On December 9, 2009, I quietly self-published my book, The Anti-Resume Revolution, and my whole life changed. The day before, I was a career consultant, a blogger and a speaker. But that day, I became an author. This one act -- writing a book -- quickly turned my world upside down.
Writers who hate promotion do not see promotion as a creative act. These writers are highly attuned to the experience of swimming against that current, and they know to avoid it. For many of those writers, writing is the one place they consistently don't swim against the current.
In order to sell the steak, sometimes you've just got to build the sizzle around it. Entrepreneur E Brian Rose learned this a long time ago when trying to build businesses that eventually failed.
If you're going to have moments of self-doubt anyways, you might as well make it work for you. Instead of letting your doubts fester and grow into an unnecessary fear, think about why you are feeling doubtful of your abilities and use that knowledge to better yourself.
Writer's block is the dreaded mental stumbling block many authors have come to fear. You know, the awful feeling you have when your usually prolific talent with words hits a verbal roadblock?
Catherine Linka knows books. So it shouldn't have surprised her when, before her award-winning debut novel A Girl Called Fearless was even published, she was asked to write a sequel.
You may not realize it but if you are engaged in social media you are building a reputation. In fact you are quite possibly building one that will last a lifetime.
When you're a writer, you're not just a writer. You're a marketer. You're an accountant. You're an administrative assistant. You're a web developer. And with the rise of new technology, what these jobs entail changes almost every year.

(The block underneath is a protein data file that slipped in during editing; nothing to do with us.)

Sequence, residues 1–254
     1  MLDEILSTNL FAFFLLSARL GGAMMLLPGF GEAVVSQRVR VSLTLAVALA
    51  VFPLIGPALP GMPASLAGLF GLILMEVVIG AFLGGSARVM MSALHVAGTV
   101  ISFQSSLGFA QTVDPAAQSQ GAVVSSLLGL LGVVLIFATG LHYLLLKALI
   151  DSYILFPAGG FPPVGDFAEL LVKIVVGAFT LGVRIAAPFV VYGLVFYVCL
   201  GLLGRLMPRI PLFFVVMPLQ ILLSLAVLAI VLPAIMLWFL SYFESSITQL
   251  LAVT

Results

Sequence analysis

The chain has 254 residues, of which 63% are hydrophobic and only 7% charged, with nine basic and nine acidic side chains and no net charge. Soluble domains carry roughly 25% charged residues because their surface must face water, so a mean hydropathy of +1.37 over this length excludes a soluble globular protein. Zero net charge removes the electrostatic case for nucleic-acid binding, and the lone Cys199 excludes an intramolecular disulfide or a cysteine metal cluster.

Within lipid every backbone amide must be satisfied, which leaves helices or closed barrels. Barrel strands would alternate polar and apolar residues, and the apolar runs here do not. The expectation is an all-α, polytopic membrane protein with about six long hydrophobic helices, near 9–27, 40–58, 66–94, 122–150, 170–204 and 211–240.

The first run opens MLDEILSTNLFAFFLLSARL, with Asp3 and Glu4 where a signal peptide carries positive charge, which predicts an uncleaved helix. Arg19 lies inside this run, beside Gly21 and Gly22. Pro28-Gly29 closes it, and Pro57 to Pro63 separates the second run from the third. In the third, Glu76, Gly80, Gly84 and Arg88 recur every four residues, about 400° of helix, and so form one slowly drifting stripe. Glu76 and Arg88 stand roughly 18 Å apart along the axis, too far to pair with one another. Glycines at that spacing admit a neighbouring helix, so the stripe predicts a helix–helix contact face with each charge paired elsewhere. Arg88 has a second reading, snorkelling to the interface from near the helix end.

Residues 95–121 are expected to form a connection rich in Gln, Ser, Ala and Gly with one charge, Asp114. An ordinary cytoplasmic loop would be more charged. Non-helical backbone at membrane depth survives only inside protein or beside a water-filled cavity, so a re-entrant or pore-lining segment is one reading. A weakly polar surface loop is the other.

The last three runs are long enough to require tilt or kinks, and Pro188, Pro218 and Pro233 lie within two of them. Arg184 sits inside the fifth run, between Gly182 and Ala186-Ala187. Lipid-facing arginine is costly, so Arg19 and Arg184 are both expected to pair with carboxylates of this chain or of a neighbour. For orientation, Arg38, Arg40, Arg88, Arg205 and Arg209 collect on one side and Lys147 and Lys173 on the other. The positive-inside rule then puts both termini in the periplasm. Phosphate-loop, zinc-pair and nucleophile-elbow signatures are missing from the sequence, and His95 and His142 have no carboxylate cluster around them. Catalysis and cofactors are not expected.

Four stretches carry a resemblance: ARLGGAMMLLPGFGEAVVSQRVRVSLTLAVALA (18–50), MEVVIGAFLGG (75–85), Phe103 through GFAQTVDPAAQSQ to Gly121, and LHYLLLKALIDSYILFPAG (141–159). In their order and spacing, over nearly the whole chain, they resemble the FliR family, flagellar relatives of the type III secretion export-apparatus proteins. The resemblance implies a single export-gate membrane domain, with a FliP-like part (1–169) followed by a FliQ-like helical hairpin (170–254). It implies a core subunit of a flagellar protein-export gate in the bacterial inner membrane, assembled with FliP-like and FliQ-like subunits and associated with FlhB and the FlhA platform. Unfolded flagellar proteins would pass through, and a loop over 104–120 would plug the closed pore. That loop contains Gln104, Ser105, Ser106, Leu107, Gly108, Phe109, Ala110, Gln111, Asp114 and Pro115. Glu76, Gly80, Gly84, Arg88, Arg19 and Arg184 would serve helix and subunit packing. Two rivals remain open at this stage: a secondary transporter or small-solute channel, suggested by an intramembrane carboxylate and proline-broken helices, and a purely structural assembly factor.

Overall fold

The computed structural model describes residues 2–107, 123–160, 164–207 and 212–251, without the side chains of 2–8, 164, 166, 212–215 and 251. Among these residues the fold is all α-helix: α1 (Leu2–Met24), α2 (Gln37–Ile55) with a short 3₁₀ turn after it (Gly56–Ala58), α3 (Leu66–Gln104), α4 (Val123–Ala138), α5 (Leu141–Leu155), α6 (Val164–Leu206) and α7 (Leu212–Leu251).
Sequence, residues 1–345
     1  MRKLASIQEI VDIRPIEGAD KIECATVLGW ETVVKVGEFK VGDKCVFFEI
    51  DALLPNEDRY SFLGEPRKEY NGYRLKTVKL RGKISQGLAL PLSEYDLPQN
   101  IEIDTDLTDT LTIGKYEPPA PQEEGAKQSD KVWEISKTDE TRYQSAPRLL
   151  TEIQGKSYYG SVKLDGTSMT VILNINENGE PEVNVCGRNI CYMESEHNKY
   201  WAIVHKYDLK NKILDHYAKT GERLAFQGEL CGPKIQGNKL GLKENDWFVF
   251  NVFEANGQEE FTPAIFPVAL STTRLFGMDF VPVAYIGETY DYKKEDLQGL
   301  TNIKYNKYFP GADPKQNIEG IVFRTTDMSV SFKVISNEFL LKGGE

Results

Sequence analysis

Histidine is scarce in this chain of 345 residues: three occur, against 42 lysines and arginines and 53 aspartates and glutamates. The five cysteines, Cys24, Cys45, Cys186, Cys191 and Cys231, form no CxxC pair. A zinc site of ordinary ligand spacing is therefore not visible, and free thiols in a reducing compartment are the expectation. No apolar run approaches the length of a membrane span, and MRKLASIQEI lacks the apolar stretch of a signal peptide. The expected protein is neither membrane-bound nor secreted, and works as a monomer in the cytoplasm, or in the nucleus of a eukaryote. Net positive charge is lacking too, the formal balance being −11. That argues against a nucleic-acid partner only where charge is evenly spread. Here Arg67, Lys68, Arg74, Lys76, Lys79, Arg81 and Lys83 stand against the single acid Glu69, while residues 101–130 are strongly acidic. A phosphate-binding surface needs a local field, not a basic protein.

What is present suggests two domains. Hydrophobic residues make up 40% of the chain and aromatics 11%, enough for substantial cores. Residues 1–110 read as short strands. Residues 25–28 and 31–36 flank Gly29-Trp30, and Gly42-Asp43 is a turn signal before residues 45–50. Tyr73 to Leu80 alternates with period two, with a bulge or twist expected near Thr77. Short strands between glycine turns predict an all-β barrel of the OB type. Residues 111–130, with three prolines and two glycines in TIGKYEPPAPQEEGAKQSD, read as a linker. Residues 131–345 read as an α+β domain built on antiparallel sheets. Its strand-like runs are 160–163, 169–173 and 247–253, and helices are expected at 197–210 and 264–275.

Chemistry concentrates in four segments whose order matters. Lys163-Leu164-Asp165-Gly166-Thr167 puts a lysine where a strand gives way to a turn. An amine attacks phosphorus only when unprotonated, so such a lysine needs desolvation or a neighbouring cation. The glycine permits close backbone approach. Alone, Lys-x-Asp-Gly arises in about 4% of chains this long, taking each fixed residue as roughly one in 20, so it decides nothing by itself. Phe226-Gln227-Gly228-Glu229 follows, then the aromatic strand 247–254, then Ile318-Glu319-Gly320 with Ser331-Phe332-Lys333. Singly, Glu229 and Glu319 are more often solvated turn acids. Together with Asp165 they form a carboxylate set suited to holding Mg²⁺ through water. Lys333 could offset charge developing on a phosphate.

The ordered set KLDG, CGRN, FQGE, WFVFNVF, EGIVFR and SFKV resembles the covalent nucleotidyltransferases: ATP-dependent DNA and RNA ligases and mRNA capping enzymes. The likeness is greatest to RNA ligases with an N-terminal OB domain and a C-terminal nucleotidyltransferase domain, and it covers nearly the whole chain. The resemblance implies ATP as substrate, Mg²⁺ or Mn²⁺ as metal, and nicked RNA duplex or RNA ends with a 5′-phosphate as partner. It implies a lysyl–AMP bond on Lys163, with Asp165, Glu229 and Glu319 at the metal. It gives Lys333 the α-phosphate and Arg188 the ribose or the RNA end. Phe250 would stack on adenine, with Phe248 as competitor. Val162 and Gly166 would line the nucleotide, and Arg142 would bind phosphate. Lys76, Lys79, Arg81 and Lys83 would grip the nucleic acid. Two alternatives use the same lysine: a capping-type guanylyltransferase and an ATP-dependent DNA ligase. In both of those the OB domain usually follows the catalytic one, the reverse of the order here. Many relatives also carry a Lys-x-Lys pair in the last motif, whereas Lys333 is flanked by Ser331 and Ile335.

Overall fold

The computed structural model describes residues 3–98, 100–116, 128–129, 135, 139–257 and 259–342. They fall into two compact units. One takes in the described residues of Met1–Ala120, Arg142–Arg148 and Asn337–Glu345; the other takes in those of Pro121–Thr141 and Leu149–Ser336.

Phillippe Diederich is a Haitian-American writer and photographer born in the Dominican Republic and raised in Mexico City and Miami. His short fiction has been published in numerous literary journals and awarded the 2013 Chris O'Malley Fiction Prize from The Madison Review.
Ultimately, it is the sweetness -- of the honey, of the sisters, of the sheer, breathtaking humanity in these pages -- that will make you fall in love, whether reading the book for the very first time or upon revisiting it.
Some authors, in addition to perfecting the art of the written word also practice the art of charity. Their efforts both on the page and off seek to illuminate and improve this world we call home.
You may have an entire book inside of you, or you may have to stretch your knowledge to complete a hearty book (which can take years). But when you co-author a book, you can share your story, your message of what you've learned thus far in life, and publish it quickly to become an author.
I wrote a novel. It has been months now since I signed my first publishing contract, and I'm still struggling to process the meaning of those four words. Writing this book has taken a personal toll. Still, I am certain all of that personal sacrifice was worth it.
I was able to parlay my past disgrace into my first book signing when the venerable Book Loft, the 32-room literary wonderland of Columbus, agreed to host. Great, but what if no one showed up? I called my friend John and asked him for help. "Give people a reason to show up," he said.
Every author wants his or her book reviewed in a positive manner. Realistically, a book by an unknown author starts out with a small chance of success while that same book and author can gain excellent momentum toward success with a number of positive reviews.
image courtesy Jeff C...
The Story of My Teeth, on every level, is obsessed with artifice and the slipperiness of identity. Now translated by Christina MacSweeney, in collaboration with Luiselli, the book mimics her own play with authorial identity. In the book, Gustavo Sánchez Sánchez, also known as Highway, claims to be writing a “dental autobiography,” though the question of whose words we’re actually reading later becomes complicated.
by no less than Chinua Achebe, to be a colonialist, ultimately racist piece of writing about Africa and indigenous peoples who are little understood